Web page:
It's a great idea. We've recycled all sorts of stuff (an old electric oven which was left in the garage by the previous owners, acres of magazines which were cluttering up the house and even a massive 2m-long pond liner), and were lucky enough to bag a slide for M, which has saved endless trips down to the park.

I know heading park-wards means more exercise, but Saltwell Park, though wonderful, is decidedly on the nippy side at this time of year, and comes complete with attack formations of geese. Woe betide those who rustle a plastic bag - the geese have learned that this means sliced white, and arrive en masse within 2.56 seconds. I swear they can hear the rumble of a pushchair a mile off.

If you've ever been confronted by a goose (or, even worse, by a swan), they're much bigger than you think. And have very sharp beaks. I can confirm that it doesn't do much for your street cred with your two-year-old when you start to panic that they're coming too close, turn tail and flee for the hills, but trust me, it's the only option.

17 February 2008

Lift muzak

Following on from the charity book stuff, we had a listen to War Child's Help album in the car on the way back from Alnwick. I'd forgotten how good it was - this was the original one, containing 1995's finest. Remember Salad? Or Terrorvision? Nope, thought not.

My favourite's still Blur's Eine Kleine Lift Musik - the out of tune piano rocks. They have a way of doing that kind of thing - gnarly sounds that are actually very beautiful (see also Tender).

The Alnwick Garden

As you can see, more fountains than plants at the moment...

16 February 2008


We turned up to a farm shop in rural Northumberland today to be met by a crowd of people watching an acrobat jumping over a Hummer.

Outside the farm shop was a stall giving away (very nice) Middle Eastern food (flatbreads, dips, tagines etc), and out the back was a rather large yurt, filled with more people cooking.

I'm still slightly puzzled.

14 February 2008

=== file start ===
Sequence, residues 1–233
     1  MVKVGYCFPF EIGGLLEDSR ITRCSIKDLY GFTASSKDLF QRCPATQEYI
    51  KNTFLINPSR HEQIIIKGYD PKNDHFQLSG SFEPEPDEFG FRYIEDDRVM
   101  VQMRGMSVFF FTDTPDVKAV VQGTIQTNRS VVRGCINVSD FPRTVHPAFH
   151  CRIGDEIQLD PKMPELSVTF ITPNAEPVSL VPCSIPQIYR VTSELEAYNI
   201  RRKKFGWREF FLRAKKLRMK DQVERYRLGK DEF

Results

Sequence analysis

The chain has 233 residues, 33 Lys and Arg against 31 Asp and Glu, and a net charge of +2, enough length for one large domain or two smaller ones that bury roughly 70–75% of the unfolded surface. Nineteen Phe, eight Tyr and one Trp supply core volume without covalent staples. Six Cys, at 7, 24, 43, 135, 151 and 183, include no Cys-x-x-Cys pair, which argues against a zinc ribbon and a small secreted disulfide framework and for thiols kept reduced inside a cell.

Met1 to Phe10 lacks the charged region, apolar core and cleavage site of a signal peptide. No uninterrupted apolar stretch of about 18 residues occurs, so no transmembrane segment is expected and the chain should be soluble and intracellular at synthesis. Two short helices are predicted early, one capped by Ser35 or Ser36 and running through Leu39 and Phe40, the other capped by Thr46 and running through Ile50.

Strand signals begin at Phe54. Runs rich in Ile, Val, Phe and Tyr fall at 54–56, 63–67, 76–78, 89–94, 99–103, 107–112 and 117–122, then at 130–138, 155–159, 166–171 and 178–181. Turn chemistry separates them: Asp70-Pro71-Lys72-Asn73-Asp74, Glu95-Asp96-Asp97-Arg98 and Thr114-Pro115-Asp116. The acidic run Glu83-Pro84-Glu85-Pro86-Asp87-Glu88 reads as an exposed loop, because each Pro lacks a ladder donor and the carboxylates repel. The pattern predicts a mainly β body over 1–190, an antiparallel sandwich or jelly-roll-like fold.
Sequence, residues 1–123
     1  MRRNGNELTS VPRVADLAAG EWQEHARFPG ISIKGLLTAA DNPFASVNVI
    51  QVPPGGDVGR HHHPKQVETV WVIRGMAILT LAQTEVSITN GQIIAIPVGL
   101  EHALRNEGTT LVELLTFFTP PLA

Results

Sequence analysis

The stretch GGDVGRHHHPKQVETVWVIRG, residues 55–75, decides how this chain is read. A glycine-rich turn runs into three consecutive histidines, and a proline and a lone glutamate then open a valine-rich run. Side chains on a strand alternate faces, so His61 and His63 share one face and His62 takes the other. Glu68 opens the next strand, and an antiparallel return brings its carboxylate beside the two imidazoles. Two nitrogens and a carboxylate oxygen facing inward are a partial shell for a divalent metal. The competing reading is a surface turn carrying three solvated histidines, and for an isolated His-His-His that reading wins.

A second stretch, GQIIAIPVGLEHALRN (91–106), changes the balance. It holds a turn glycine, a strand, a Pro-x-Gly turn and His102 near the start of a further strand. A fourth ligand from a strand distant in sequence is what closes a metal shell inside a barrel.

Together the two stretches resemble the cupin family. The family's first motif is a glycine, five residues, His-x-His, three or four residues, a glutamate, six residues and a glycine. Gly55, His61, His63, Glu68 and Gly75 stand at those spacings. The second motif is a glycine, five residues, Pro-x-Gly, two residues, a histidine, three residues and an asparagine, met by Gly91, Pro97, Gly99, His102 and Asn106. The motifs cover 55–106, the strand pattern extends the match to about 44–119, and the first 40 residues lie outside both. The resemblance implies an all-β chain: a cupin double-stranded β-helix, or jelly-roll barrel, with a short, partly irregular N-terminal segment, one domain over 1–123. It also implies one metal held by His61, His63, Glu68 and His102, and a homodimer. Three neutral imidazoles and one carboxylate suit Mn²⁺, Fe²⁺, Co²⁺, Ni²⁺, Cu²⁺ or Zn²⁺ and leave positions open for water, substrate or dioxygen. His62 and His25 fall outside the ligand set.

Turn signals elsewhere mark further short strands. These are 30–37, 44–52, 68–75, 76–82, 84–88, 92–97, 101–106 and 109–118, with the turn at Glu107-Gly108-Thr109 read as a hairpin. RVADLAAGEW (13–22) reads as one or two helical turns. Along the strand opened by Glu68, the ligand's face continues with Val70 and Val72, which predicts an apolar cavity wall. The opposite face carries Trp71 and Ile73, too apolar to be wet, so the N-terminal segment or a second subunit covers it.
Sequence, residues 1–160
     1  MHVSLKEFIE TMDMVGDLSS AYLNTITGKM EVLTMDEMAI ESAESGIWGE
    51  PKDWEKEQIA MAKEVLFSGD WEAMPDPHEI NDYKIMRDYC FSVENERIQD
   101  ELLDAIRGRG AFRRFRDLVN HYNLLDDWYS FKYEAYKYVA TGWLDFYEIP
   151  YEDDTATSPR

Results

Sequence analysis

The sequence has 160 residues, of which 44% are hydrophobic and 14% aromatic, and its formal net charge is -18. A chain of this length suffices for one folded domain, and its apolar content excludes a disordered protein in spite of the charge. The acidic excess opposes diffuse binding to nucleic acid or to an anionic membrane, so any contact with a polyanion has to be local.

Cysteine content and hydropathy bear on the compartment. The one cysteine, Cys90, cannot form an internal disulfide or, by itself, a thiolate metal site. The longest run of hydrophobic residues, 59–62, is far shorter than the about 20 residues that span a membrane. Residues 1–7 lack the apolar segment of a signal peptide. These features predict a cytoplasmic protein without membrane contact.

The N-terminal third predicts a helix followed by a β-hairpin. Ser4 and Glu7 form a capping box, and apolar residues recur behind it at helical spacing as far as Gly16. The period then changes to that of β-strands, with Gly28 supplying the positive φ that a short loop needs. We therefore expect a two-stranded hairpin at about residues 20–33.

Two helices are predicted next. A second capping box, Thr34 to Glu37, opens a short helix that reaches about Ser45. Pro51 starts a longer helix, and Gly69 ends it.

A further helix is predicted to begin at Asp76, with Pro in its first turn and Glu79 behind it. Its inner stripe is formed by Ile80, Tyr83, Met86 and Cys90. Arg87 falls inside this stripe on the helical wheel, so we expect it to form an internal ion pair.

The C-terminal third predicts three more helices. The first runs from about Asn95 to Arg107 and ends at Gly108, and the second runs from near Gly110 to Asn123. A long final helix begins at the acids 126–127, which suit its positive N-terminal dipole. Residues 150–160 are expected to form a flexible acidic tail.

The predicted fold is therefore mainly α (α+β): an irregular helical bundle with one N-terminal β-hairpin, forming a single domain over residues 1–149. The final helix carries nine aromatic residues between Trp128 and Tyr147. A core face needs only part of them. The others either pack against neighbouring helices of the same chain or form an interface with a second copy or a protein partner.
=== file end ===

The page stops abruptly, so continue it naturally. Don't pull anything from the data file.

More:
It's all for charidee

Peach over at the Peach blog is putting together a book of blog posts to be sold in aid of War Child, which is a simply brilliant idea.

There must be hundreds of bloggers out there writing all kinds of lovely stuff which is hidden away on the interweb, and unless you spend hours and hours following all the links, you'd never come across it. This way, you get to see a whole cross-section of fascinating stuff, work out who you like the look of, and then drop in to see what their blog is like. Oh, and raise some money for a rather good cause as well.

Go here to submit a post, then remember to buy a book (from the fiendishly clever lulu.com).

I've submitted a ramble about French football and the delights of going to footie matches with my dad, which may not be quite serious enough. Ah well, at least I've tried.

13 February 2008


Thank you, Stuart Maconie. As ever, Brian Sewell is wrong, wrong, wrong.

The Angel (10 tomorrow) is one of the most arresting views in the North East, right up there with Hadrian's Wall, the shipbuilding cranes at Wallsend, and the Millennium Bridge. It's equal to anything down south. And it does have that emotional wallop - when you see it up close, you're amazed, astonished...and you know you're home.

Mind, I also love the view as you come down at night over the Gateshead flyover - the one that runs between the tower blocks down to the Tyne Bridge. Stretched out ahead of you is the Newcastle skyline, the road is usually deserted, and you can pretend that you're in some bad 1970s cop drama. It's the first scene of the film in my head...preferably with Queen's Don't Stop Me Now as the soundtrack, for that 70s vibe.

Update: Spirit of the North. Another good article from someone who's actually come up here and talked to people. Sewell, take note.

12 February 2008

Spring's a comin'